Qt and QML are fundamentally C++ things, but there is an official Python binding (PySide2) as well as PyQt5. There clearly should be Rust bindings. However bindings such as qml, qmlrs, etc. haven’t been touched in years, and bindings such as qt_core seem to be for Qt 5.8 and now we have 5.11.2.
Are people just not writing GUI code using Qt or QML in Rust (*) or is there a new standard way of working with QML and Qt with Rust?
(*) gtk-rs is very good, but GTK isn’t that good for portability across OSes.
I’m the author of rust_qt (including the mentioned
qt_core crate). One of the biggest issues right now is the API stability. Unfortunately, when migrating to a newer Qt version, the binding generator may produce API that is incompatible with the old version. Overcoming this issue and seamlessly supporting different Qt versions is my next goal. This requires significant changes to the generation process. Things are going pretty slow right now because I don’t have much free time, but I plan to continue working on it.
Is there a route to get more people involved so as to help make things go faster?
Making contributions easier is one of my goals. For instance, I’m working on moving the whole process into a contained environment (such as Vagrant) because setting up all the dependencies is a pain and libclang likes to produce very different results depending on the tool versions and platforms. Having an easily reproducible environment would help a lot.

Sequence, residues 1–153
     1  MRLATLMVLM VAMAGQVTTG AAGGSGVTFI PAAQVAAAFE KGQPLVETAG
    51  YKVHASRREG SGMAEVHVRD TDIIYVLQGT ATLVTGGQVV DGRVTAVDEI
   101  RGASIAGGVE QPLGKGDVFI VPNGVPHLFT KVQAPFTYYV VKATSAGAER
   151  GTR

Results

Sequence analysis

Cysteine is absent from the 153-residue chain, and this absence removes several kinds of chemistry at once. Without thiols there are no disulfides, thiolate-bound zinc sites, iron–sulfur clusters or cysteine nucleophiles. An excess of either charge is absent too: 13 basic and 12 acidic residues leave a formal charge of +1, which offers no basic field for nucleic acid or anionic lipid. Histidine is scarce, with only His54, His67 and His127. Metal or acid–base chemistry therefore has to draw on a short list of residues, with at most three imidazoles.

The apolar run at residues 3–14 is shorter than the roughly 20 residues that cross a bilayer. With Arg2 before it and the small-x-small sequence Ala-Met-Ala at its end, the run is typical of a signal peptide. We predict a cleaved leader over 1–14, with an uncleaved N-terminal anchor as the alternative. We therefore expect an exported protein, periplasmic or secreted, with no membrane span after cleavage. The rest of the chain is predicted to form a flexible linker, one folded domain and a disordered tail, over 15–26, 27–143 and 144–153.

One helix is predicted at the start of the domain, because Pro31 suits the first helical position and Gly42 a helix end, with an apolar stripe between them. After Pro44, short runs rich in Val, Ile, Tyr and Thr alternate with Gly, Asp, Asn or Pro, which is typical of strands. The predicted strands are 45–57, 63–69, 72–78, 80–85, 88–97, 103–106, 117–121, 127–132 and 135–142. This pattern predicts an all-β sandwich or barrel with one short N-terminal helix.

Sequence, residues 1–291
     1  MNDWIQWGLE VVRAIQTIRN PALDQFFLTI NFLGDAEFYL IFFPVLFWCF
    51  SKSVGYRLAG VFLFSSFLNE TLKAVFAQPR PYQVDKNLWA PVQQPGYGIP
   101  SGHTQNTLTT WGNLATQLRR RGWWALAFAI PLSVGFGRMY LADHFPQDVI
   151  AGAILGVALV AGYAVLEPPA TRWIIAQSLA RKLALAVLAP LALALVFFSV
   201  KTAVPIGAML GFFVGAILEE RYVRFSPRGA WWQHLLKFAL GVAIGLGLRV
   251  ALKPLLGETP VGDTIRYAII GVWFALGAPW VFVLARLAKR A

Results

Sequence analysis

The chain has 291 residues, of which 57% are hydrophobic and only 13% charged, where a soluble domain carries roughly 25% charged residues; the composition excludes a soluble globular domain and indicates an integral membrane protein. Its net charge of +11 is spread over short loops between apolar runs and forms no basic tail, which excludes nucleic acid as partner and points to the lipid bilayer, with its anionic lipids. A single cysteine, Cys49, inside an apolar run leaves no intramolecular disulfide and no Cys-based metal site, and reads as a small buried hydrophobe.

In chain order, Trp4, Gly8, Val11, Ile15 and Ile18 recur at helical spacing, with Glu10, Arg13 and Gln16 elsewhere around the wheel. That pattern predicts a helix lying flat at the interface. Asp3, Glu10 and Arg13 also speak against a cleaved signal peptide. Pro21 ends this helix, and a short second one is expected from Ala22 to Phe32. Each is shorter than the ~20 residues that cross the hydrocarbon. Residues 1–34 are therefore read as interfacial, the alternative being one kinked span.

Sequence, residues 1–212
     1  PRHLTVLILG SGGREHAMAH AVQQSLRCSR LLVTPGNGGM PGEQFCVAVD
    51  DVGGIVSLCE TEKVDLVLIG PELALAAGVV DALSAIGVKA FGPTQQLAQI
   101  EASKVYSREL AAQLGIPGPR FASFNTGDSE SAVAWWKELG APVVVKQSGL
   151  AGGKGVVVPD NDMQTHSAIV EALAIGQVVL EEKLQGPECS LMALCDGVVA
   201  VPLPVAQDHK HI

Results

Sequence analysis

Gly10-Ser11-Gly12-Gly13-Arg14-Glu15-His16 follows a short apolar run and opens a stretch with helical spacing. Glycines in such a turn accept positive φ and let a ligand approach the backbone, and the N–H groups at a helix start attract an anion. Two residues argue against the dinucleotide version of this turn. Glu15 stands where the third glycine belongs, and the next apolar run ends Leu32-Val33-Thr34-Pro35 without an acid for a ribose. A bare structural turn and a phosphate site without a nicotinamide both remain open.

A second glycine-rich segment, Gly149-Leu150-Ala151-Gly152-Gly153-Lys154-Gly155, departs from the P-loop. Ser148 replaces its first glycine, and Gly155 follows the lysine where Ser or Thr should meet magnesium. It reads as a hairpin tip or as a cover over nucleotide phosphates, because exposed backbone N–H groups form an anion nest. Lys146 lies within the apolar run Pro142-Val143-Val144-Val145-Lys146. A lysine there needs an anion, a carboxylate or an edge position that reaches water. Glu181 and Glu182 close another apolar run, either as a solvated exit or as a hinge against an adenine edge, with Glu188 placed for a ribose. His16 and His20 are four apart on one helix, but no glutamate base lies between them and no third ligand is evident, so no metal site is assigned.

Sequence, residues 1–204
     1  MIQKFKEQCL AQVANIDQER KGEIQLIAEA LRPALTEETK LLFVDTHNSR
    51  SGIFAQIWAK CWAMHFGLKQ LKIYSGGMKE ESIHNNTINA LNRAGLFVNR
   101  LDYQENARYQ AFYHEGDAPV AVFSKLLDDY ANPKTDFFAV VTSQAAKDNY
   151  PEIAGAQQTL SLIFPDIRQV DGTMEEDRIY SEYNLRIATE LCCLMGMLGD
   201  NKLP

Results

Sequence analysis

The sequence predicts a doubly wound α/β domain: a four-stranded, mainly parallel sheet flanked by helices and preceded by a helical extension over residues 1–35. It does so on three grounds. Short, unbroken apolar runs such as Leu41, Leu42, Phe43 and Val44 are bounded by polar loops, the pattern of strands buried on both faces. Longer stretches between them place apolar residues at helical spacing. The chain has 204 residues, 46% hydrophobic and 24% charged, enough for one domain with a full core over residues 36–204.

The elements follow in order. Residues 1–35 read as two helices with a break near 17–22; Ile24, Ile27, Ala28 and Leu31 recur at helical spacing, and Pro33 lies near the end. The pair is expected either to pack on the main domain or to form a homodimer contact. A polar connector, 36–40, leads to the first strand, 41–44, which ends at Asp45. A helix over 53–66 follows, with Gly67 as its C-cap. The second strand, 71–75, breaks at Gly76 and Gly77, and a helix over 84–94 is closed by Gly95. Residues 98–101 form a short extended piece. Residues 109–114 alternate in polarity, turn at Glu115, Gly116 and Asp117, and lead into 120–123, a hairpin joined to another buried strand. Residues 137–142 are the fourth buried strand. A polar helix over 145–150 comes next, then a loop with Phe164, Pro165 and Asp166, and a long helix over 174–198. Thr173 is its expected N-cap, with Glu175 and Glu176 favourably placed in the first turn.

Unfortunately, at this stage it’s hard to provide an opportunity to contribute. The project goes through a major refactoring. Some of the assumptions the architecture is based on have proven wrong, and I have to take everything apart and fit all the pieces back together. Once this is done, contributing should become much easier.
Could you be interested in an ABI checker validating whether Rust-side struct sizes and member offsets match what the C/C++ compiler thinks them to be? I had some ideas and a start of a project when I thought of validating my binding generator for GObject-introspection.
When working on C++ library bindings, it’s actually the other way around: the C/C++ compiler is the authorative source of the valid sizes and offsets, and the Rust code must match them exactly. In
rust_qt, I make no assumptions about sizes and offsets, as there is really no way to get that information up front, especially in a cross-platform way. It’s sometimes possible in C, but the C++ standard just leaves too many things unspecified.
So in my implementation the crate’s build script invokes the C++ compiler of the current toolchain to find out sizes and alignments of the needed types. Member access goes through C++ wrapper functions, so the offset math is delegated entirely to the C++ compiler.
I am fairly OK doing things natively, but also having reproducibility is good.